Making the right support staff hires can improve the overall efficiency of a financial advisory firm and make it easier for top advisors to seek out and serve new clients, says Dan Davis, president and co-founder of ADK Wealth Advisory Group in St. Louis, a firm with $120 million in assets.

Many financial advisors, including him,  “were trained to develop a business model with support staff that was more administrative in nature,” Davis said.

Under that model, most of the financial planning was conducted on the front-end, when clients were first acquired, he said. “After you did the financial plan it became an investment relationship where you were managing money.”

This type of relationship is not as beneficial to the client as constantly using the financial planning process to help guide the investment strategy, Davis said. However, ongoing proactive financial planning takes a lot of time, and expertise, as Davis and his colleagues discovered.  After completing the Dan Sullivan Strategy Coach program, the partners at ADK realized the firm needed to make some significant staff changes.

“When we had the epiphany that we needed to be doing more ongoing planning,” Davis said, the firm realized that they had to depend more on the support staff.  And so, over the past five years as people retired, ADK made a conscious decision to hire people with a stronger financial background, including business school graduates and people with financial planning degrees – even for support staff positions.

And now, Davis says, they are able to handle a lot more clients, and do ongoing planning for those clients, with the same number of staff as they had before.

By hiring employees with financial backgrounds Davis and his partner were able to pass along the work for basic ongoing planning and questions to their experienced and knowledgeable support team – something he says that not enough of his fellow advisors are able to do.

“I’m the president of my local FPA chapter, and talking with many of my peers, most of them have administrative support staff,” he said.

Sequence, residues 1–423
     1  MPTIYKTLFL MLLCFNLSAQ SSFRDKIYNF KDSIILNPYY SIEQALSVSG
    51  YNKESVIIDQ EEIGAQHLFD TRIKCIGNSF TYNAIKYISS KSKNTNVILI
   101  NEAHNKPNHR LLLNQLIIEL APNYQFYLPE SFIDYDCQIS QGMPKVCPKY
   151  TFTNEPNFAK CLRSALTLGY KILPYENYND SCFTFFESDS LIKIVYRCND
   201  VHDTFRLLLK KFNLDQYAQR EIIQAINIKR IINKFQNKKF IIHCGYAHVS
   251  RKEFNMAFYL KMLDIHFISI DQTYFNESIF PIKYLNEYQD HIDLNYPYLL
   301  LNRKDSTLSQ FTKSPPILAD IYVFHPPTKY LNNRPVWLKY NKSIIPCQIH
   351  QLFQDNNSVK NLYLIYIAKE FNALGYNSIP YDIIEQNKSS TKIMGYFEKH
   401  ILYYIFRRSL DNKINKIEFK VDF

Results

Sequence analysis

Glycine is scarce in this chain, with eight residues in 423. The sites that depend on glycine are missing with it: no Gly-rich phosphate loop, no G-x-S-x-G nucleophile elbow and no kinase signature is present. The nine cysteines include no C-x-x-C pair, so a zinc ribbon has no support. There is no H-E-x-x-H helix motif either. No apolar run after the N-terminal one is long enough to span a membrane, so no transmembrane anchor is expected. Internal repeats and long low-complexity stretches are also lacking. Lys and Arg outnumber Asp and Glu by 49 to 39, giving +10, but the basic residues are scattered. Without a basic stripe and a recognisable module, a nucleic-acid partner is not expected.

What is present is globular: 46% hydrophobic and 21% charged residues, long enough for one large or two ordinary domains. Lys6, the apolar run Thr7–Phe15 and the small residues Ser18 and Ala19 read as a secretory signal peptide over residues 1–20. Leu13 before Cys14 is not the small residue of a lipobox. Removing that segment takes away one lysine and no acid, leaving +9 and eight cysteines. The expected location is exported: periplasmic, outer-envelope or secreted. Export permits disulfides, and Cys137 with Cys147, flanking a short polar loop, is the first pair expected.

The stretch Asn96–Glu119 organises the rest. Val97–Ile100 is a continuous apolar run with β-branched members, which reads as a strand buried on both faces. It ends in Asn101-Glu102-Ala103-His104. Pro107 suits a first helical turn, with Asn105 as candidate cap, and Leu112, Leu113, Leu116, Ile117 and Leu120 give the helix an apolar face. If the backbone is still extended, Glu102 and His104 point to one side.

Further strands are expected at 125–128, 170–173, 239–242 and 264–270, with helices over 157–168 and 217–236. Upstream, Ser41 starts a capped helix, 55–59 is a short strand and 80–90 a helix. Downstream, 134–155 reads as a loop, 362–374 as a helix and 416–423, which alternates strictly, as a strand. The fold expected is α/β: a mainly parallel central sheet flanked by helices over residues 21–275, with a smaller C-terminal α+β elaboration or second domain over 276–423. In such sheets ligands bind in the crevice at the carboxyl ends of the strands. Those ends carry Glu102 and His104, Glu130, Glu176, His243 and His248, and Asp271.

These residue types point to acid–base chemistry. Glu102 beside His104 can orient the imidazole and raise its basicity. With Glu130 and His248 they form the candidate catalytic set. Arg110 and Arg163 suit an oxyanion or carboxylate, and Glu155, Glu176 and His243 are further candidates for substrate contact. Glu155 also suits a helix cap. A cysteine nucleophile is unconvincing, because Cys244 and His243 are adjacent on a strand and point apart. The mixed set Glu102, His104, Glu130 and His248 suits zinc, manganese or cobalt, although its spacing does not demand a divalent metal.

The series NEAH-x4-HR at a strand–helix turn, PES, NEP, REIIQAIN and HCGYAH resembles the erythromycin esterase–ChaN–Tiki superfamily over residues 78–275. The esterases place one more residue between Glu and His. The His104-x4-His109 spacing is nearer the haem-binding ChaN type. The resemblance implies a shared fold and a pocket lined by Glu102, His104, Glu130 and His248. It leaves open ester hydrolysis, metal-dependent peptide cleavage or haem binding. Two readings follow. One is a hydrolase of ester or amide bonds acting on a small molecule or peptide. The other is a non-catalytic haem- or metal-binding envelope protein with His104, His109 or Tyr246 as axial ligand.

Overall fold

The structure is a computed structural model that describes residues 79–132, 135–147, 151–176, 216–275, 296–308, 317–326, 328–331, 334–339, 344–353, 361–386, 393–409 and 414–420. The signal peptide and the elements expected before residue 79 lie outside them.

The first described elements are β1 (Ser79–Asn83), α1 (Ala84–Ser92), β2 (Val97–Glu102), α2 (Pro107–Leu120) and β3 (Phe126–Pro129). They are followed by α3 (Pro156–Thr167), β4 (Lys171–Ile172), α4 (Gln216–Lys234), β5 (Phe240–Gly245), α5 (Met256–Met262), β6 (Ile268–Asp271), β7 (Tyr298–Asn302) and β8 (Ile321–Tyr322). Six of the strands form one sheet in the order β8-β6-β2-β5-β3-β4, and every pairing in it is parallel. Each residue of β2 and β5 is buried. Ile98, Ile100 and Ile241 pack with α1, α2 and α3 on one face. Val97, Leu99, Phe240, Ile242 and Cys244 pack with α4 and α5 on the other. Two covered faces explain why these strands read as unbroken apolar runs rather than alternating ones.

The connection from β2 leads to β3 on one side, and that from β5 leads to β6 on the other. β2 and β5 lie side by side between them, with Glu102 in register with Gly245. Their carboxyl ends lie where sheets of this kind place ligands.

By this he means people who can change addresses on accounts, for example, or fix problems behind the scenes, but not do any of the higher-end planning.

In firms like those, the financial advisors are unable to delegate smaller tasks and often must take on a lot more day-to-day maintenance for the accounts of current clients.

Davis said that at his firm, the support staff is able to both handle behind-the-scenes issues and interact with clients, freeing up the financial advisors for larger responsibilities.

“As a result of all that, combined with a better marketing plan, we’re probably bringing in three times as much new money,” he said. Training support staff to work more closely with clients frees up capacity for new ones, he said. “I’m able to do a lot more direct stuff with client acquisition,” he said.

He compared a financial advisory firm to a dentist office, where there are trained technical people such as nurses or dental hygienists who handle a good portion of the work, freeing up the dentist to see more patients. He cautions fellow advisors that “if you walk into your office and don’t see equivalents of all those other people around, then you’re probably doing too many tasks and it’s going to kill your productivity.”

Some of the new support staff may eventually grow into being financial advisors themselves, Davis said, but that’s not necessarily the goal for everyone. One of the more recent hires has already been working with new clients and will likely take on a larger financial advisory role in the future. Others may not have the interest level or the skill set for client acquisition but “they are still very involved in the financial planning work and ongoing client service.”

“It’s all about building a team that has a group of different skill sets,” he said. Davis says he was able to dramatically increase the number of client appointments he can make each week because of all the technical work that his support staff is able to handle back at the office.

The best advice Davis can give his fellow advisors who want to build a strong support team is to take real care in the recruiting and hiring process.  “You have to learn how to find the right people, and you have to be patient,” he said. “If you’ve got an opening and you need to have it filled then you are already in trouble, because you are going to be desperate.”

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